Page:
FLAT-FOOTED JOE. The recent news that Joe Lieberman is abandoning some portions of his late-campaign field effort seems like a stunning, late-game admission of defeat. What it is, rather, is an admission that Lieberman got caught flat-footed by the Lamont insurgency much earlier than this week.
For all the war metaphors abused in writing about politics, the field campaign is actually the one case where the analogy is most relevant. A get-out-the-vote effort is expensive, plodding, inefficient, and labor-intensive -- just like the massing and marching of armies are, with their supply lines and recon. A voter contact effort is not one step back to make two steps forward; it would be wildly efficient if that were the case. It�s more like five steps back to make six steps forward: Still a net of one step ahead, but at much greater costs.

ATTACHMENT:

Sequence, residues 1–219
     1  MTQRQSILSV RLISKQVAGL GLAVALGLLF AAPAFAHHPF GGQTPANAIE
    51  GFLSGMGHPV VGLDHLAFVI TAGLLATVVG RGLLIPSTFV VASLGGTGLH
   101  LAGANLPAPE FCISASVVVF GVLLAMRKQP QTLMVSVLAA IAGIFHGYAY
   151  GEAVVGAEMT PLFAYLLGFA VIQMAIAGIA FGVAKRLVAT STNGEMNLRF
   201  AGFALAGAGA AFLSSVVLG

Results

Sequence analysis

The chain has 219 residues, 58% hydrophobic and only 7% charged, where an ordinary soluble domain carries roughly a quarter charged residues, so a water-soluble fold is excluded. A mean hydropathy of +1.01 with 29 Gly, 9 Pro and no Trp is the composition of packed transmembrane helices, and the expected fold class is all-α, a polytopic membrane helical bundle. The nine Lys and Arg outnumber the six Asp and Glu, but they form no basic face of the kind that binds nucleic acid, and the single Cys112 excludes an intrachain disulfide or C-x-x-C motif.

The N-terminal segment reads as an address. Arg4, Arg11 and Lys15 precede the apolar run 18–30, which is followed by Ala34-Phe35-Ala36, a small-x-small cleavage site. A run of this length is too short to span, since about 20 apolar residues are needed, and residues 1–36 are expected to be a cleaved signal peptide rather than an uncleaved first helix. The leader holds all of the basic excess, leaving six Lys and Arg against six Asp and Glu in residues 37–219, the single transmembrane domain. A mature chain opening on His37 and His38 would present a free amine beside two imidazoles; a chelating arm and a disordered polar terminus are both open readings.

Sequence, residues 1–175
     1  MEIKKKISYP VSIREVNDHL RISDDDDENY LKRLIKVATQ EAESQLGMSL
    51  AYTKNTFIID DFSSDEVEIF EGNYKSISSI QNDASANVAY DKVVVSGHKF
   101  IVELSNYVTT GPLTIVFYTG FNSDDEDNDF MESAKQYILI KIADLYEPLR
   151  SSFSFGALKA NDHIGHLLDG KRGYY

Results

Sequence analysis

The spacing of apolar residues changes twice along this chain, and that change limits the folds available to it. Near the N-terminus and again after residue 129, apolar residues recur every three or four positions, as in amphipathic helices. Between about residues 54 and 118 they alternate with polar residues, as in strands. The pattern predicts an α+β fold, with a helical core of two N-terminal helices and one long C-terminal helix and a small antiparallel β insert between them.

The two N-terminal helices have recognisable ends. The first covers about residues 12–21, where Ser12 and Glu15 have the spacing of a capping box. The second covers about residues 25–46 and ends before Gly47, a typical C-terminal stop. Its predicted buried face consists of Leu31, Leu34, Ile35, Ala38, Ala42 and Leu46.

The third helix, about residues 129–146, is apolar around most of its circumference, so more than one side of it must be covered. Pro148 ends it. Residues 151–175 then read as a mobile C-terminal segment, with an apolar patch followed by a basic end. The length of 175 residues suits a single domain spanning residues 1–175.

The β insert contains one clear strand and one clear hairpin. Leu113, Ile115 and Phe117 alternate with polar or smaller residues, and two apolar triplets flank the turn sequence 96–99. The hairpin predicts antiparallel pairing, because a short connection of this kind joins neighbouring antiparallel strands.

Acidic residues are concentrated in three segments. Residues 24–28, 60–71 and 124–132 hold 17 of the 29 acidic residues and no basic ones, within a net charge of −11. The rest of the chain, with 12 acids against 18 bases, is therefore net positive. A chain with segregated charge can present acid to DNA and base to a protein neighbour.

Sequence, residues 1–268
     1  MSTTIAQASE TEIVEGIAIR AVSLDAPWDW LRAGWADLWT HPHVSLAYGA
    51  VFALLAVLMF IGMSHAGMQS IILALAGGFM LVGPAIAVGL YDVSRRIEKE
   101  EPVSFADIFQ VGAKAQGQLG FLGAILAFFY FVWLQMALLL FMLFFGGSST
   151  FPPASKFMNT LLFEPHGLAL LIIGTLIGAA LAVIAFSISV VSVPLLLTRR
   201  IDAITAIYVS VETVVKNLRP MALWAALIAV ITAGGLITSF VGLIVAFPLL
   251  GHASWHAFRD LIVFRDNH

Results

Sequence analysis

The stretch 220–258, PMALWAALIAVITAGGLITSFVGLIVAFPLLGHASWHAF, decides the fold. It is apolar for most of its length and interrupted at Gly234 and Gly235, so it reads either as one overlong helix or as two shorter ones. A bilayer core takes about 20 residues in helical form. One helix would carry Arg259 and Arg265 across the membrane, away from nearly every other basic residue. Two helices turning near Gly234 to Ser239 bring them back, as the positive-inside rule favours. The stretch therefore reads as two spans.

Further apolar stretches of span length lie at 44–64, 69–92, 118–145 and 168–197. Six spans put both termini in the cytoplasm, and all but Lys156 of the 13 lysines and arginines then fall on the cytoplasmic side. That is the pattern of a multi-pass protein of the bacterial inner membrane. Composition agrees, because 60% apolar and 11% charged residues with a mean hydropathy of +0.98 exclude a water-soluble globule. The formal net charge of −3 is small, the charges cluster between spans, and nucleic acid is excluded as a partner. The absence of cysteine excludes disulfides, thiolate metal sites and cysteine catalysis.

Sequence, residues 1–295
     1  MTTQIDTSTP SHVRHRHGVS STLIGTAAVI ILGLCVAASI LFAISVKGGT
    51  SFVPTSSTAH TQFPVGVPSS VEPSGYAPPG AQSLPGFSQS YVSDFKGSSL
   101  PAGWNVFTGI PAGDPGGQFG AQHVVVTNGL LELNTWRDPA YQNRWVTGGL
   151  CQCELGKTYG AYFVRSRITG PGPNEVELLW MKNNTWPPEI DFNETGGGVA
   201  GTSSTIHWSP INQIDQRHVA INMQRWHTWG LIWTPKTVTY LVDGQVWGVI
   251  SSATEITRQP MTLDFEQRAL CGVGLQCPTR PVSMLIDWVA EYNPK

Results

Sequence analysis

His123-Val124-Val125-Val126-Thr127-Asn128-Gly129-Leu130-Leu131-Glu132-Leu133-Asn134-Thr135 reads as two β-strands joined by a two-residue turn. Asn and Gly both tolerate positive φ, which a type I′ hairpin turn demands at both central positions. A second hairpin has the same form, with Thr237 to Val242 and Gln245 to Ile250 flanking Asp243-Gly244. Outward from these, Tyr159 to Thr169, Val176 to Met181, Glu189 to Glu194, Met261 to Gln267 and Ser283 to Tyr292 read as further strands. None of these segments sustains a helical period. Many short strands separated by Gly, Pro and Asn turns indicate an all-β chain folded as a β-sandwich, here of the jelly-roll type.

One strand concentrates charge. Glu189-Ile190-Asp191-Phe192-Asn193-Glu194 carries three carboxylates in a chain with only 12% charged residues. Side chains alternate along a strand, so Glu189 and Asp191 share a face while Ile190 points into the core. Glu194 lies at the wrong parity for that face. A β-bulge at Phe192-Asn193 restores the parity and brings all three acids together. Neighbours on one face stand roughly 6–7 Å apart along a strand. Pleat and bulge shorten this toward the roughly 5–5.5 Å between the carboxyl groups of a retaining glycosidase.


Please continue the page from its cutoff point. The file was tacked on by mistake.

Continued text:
Lieberman's potentially fatal error was that, by the time he realized the Lamont challenge was real, it was simply too late to build a proper field plan to beat back Lamont. Democratic club presidents in this town or that are replaced, move, die or retire. Phone numbers and contact info, if you even have them, are often obsolete. Re-connecting and making new connections statewide cannot be done overnight. Absent Lamont, Lieberman would have raised a few million, hit the TV and radio airwaves with a basic message, took a perfunctory tour of the state, and coasted to re-nomination and re-election. By the time his campaign staff realized that after years of neglect that Lieberman�s electoral apparatus was rusted and cobwebby, it was too late.
Oddly enough, that makes Lieberman�s late-game tactical field decision perfectly rational, even if the decision is itself a consequence of a major strategic blunder made long ago. The lesson? There is no substitute for readiness because the one commodity all the PAC contributions in the world cannot buy in the vital, late stages of a campaign is often the resource that matters most: time. And building a proper field campaign requires a lot of time.